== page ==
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Bridge design and engineering

Case Study

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Dawlish Station Footbridge

  • Design and analysis of the first Fibre Reinforced Polymer (FRP) composite bridge installed at a mainline station in the UK

  • On completion the footbridge became the first Grade II listed FRP bridge

Dawlish Station Footbridge (Image Tony Gee and Partners)

Designed by Tony Gee and subconsultant Optima Projects, with a third-party check by Parsons Brinckerhoff, Dawlish Station footbridge is an almost identical lightweight Fibre Reinforced Polymer (FRP) replacement structure for a severely corroded steel predecessor. It is the first FRP composite bridge installed at a mainline station in the UK, It is also, notably, the first Grade II listed FRP bridge. The structure aesthetically replicates the character of the original steel structure, but provides the client, Network Rail, with a much lighter and more durable solution that is expected to result in considerable through-life cost savings. Tony Gee used LUSAS Bridge analysis software to assist with its design.


Dawlish station was originally designed by Isambard Kingdom Brunel in 1830 and is grade II listed. It is situated in an extremely hostile seaside environment that caused its 17.5 metre (57'-4") long covered steel footbridge, that was reconstructed in 1937, to deteriorate progessively over the years. A detailed inspection in 2004 identified many areas of corrosion. A follow-up inspection in 2010 found the structure had deteriorated even further, and a final study in 2011 showed severe corrosion to the girder / cross girder connections. Detailed analysis found that not only could the structure not carry the specified imposed load due to corrosion of the members, but even in an ‘as new’ condition the bridge had been under-strength due to a lack of strength and stiffness in the U-frames providing lateral stability to the top flange of the plate girders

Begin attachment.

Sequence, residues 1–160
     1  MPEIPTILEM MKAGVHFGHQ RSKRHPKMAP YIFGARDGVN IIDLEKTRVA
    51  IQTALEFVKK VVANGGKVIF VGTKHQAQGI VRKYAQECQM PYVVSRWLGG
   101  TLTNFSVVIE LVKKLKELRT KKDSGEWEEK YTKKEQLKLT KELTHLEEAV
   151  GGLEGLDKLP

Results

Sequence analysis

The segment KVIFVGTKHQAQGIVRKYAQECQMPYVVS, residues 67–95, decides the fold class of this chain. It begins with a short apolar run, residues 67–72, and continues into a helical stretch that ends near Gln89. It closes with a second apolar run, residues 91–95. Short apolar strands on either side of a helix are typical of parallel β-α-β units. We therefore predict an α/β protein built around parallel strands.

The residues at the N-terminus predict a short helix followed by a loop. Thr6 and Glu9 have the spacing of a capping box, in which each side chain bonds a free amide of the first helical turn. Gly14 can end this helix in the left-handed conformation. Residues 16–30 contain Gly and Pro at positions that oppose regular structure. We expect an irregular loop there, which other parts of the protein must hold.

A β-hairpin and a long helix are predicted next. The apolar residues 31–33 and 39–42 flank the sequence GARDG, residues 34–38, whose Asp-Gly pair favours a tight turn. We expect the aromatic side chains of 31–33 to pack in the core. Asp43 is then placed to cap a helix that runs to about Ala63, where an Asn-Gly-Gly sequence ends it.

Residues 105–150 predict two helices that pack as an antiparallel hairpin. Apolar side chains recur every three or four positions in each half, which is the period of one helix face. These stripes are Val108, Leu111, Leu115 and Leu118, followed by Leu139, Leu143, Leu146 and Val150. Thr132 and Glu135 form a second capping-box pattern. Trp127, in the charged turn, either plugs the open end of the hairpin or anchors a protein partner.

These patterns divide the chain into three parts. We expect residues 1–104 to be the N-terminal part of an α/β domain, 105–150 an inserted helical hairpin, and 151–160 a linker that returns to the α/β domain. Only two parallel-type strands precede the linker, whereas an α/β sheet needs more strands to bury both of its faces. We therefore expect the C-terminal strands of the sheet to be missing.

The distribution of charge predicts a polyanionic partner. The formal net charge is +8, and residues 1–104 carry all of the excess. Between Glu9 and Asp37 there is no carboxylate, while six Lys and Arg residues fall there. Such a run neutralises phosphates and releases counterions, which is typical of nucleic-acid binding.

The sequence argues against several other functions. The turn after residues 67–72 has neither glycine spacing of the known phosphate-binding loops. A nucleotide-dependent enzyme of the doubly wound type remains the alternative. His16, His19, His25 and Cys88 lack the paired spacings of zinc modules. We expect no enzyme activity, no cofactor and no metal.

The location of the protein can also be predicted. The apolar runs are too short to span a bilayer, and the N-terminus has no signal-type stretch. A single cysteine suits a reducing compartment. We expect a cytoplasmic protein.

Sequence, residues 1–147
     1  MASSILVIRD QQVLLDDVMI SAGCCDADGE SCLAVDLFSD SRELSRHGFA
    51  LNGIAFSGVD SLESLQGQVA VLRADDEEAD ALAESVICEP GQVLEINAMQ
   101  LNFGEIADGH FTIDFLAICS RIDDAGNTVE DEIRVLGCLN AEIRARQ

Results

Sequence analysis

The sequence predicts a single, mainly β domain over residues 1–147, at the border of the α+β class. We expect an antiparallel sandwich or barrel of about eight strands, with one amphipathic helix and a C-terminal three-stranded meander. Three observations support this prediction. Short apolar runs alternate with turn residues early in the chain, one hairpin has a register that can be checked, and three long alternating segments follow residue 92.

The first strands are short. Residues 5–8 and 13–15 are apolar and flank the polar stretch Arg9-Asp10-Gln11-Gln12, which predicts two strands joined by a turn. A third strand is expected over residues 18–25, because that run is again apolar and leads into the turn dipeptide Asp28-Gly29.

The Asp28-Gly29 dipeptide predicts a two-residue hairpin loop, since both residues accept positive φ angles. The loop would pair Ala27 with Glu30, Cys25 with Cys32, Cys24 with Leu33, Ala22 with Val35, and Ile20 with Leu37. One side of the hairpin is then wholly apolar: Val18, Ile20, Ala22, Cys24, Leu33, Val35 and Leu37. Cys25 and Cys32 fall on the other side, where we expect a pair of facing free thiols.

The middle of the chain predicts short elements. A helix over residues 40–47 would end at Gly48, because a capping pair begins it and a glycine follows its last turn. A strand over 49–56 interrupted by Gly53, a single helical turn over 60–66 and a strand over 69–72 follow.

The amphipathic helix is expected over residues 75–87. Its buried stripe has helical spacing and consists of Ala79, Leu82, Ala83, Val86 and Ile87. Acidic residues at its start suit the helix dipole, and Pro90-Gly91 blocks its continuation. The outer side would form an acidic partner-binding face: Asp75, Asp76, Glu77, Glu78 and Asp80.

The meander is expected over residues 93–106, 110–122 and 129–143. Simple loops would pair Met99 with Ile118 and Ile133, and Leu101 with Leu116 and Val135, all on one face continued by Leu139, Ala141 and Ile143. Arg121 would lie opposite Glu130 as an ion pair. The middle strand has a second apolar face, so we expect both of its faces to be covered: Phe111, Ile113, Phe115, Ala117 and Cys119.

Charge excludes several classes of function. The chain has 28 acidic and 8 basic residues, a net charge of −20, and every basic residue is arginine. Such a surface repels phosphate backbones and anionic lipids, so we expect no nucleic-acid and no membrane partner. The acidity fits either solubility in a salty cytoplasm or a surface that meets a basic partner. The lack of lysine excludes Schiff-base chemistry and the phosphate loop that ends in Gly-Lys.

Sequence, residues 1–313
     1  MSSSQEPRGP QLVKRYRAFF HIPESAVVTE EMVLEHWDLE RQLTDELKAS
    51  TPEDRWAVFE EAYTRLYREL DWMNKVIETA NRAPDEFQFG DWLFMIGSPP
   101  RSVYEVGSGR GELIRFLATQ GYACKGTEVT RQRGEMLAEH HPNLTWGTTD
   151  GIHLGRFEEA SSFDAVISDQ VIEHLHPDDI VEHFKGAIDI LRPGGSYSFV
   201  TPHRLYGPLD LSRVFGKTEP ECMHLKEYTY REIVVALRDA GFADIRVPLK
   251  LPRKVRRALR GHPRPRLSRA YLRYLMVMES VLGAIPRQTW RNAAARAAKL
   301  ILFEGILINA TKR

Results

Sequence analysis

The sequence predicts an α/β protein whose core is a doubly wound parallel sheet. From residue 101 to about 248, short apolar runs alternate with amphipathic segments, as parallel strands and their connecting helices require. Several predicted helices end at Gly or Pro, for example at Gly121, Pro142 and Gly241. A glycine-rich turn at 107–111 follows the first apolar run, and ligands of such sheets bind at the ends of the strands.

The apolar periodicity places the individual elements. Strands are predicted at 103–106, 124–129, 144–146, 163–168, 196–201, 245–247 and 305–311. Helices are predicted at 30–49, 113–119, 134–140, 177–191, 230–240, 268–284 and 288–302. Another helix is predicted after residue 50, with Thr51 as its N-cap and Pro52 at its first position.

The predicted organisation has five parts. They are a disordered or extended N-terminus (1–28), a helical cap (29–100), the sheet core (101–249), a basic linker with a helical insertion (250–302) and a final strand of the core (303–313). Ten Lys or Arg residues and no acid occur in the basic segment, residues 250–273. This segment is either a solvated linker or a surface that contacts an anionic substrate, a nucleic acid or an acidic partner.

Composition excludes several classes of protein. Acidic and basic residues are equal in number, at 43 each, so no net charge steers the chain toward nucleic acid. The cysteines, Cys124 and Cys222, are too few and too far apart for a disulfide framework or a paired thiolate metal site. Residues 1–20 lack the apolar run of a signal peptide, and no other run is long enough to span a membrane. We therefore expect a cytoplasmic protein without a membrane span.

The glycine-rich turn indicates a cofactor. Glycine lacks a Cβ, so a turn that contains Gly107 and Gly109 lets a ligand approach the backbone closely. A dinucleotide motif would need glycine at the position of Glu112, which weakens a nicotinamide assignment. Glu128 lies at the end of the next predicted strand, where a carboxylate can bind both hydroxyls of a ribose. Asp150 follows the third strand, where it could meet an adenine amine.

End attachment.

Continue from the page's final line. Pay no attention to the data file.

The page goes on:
Potentially expensive like-for-like repairs were considered, as was a totally new steel replacement, but ultimately due to the extreme coastal environment, Network Rail decided to install a wholly fibre-reinforced polymer (FRP) replacement structure.


Dawlish Station steel footbridge prior to replacement. Image: Network Rail